WINTER OLYMPICS: Paula's race against time
PAULA Walker confesses she is still waiting to click with Sochi’s Olympic bobsleigh track – and says she is running out of time.
The former world junior champion, from Trowbridge, will have six official practice runs at the Sanki Sliding Center before she joins forces with brakewoman Bex Wilson when the competition starts for real on Tuesday.
Four years ago, on her Olympic debut, she finished 11th with all the expectations on teammate Nicola Minichiello, who arrived at the Games as the reigning world champion.
This time Walker is Great Britain’s only woman driver in Sochi and has been given a stiff target with a top-eight finish to secure future funding, which could in turn also decide her plans in the sport.
“If I’m honest the track has not clicked with me yet and I’m hoping that six practice runs will be enough to get the feeling I need for it,” said Walker, pictured right.
“I was at the test event here last year, but I really struggled. I’m working hard to tell myself everything will be okay because normally I’m a fast learner.
“Vancouver was a very hard track, but I quickly mastered it. I need to find the inner vibe you need to get accustomed to a track.
“We’ve got a target of top eight, but on this track it’s going to be tough. My last runs here were a bit of a wild ride but until I’ve done my practice runs I’ve no realistic placement for myself.”
British Bobsleigh held an extensive selection process to decide who would sit behind Walker in Sochi, with Kelly Denyer and former world champion Gillian Cooke among those trailed before Wilson, 22, was given the nod.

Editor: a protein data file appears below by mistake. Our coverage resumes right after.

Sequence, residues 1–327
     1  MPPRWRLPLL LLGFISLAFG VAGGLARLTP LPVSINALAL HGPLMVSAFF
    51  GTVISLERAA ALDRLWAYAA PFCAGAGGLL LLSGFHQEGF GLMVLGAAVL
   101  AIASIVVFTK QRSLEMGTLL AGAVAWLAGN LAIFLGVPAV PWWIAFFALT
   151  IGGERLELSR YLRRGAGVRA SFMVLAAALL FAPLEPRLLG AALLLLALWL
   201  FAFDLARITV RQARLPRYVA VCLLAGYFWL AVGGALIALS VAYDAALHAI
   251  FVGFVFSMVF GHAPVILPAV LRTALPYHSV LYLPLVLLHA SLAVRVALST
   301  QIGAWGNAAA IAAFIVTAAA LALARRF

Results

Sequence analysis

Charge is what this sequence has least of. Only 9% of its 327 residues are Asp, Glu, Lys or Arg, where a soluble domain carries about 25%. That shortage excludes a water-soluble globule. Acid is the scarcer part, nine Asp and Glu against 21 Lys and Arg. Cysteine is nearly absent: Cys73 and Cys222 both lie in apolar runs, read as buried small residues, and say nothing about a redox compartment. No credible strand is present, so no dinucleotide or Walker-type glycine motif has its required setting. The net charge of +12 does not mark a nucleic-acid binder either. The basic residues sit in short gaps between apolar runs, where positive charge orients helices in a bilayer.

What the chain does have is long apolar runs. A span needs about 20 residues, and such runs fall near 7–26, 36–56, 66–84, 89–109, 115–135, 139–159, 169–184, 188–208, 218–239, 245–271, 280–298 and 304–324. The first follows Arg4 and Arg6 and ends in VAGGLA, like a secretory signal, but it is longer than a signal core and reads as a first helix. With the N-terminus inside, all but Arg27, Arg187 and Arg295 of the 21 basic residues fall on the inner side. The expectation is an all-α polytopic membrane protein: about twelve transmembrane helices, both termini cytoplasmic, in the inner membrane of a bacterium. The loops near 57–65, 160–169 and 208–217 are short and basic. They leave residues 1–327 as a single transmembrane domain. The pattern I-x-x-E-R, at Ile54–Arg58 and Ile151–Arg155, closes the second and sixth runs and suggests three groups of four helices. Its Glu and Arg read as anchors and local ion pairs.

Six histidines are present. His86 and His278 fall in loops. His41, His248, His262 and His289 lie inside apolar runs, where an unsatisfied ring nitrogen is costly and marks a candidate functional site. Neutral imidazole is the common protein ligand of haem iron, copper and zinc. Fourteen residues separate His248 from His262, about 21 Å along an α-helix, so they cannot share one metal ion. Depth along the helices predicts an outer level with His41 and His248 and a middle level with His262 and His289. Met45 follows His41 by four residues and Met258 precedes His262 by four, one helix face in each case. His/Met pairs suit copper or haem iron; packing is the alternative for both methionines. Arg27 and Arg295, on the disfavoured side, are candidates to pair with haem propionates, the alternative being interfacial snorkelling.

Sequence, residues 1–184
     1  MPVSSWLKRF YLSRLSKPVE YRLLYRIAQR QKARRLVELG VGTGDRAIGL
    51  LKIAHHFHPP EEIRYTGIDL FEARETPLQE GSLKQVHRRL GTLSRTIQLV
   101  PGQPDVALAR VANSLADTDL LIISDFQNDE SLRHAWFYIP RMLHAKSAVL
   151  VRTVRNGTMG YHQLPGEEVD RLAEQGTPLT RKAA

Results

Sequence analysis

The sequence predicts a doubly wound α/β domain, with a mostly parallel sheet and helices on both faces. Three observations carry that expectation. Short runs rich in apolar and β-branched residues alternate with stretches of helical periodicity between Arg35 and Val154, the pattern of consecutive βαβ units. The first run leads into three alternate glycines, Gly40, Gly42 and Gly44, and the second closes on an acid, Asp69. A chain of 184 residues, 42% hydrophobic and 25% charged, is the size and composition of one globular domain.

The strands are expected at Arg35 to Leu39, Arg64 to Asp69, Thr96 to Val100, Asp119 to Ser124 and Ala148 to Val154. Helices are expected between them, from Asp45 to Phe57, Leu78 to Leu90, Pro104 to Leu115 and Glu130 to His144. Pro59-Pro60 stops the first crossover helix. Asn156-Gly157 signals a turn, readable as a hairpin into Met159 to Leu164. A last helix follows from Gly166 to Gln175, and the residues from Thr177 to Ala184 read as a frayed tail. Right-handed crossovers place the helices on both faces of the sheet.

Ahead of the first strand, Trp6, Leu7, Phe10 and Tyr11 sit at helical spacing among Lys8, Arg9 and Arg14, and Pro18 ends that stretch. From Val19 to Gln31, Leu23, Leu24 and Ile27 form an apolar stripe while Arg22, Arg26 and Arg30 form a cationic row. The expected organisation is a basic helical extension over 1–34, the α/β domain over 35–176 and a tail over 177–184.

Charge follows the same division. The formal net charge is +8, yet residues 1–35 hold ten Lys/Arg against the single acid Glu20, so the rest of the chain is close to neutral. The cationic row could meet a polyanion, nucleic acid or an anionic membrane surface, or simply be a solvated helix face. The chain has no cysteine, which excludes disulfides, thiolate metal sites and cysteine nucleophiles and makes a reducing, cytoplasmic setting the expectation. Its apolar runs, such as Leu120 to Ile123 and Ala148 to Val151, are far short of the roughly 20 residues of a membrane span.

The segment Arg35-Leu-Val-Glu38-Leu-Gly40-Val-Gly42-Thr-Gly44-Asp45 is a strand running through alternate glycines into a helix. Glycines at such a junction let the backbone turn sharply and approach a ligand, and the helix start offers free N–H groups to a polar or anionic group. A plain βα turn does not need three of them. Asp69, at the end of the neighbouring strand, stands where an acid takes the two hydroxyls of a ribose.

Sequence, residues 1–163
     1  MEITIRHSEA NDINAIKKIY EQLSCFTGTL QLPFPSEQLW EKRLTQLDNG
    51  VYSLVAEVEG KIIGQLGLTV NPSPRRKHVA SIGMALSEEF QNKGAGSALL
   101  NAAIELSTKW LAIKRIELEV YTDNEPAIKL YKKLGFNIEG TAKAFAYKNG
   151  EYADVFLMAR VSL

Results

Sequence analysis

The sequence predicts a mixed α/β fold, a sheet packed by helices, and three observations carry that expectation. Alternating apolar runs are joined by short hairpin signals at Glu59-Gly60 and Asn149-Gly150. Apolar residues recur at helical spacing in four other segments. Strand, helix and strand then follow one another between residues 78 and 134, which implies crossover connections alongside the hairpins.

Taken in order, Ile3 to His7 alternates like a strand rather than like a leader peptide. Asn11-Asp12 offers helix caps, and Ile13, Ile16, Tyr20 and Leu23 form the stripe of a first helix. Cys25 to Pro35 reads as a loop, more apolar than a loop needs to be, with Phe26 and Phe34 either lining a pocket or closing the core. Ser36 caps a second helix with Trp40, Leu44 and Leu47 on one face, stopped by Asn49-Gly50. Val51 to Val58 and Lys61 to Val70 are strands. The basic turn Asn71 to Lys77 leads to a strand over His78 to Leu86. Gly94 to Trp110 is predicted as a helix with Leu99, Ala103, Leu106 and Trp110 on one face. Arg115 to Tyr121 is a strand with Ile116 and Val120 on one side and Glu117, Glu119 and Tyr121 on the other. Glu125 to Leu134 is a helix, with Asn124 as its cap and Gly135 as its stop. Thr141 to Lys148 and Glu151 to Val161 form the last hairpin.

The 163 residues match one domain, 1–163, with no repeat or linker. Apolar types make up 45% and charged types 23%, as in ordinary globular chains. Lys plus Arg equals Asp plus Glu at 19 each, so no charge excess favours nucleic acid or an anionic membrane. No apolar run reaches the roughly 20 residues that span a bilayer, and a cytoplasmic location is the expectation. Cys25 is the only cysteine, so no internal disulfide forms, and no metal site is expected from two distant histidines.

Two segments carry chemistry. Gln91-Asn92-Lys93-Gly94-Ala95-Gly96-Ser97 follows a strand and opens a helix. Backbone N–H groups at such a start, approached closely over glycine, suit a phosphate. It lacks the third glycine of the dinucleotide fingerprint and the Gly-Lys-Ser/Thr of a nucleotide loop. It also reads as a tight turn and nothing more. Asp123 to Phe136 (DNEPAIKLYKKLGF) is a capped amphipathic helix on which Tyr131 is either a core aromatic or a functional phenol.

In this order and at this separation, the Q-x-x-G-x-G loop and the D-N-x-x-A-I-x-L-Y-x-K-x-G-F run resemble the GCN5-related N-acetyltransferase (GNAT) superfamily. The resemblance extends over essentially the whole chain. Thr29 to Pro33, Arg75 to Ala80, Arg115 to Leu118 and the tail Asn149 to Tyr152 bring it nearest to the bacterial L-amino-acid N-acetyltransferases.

“Bex has got great trust in me and to know she’s the best physically in our team and has the faith in me to keep her safe, really puts me in a positive frame of mind,” added Walker, who nicknames her sled Morris.
“I don’t think I have to prove myself to her, I know she’s got my back no matter what happens and I’m chuffed to have her on my team.
“It would have been nice to be settled, but I also wanted to know who was going to be the best for my team and that’s why we tried out so many different combinations.
“Gillian is a fantastic athlete and was with me for two years and it was always going to be hard to get her out of that seat.
“I wanted to make sure that Bex was absolutely the best person and we gave everyone a fair opportunity because it’s the Olympics and everyone deserved a shot to prove themselves.”
Walker, 27, is keeping her options open about her post-Games plans – though they say it takes ten years to become a world-class driver and the 2018 Games would mark a decade in the sport.
“I don’t know whether my knees can hang out,” she added. “I’m not thinking of 2018, I don’t know whether I would last physically until then, but I certainly can’t rule it out.
“If I’m seeking to do better than here I might get drawn in again. If I’m happy with how I do, then I might think differently.”
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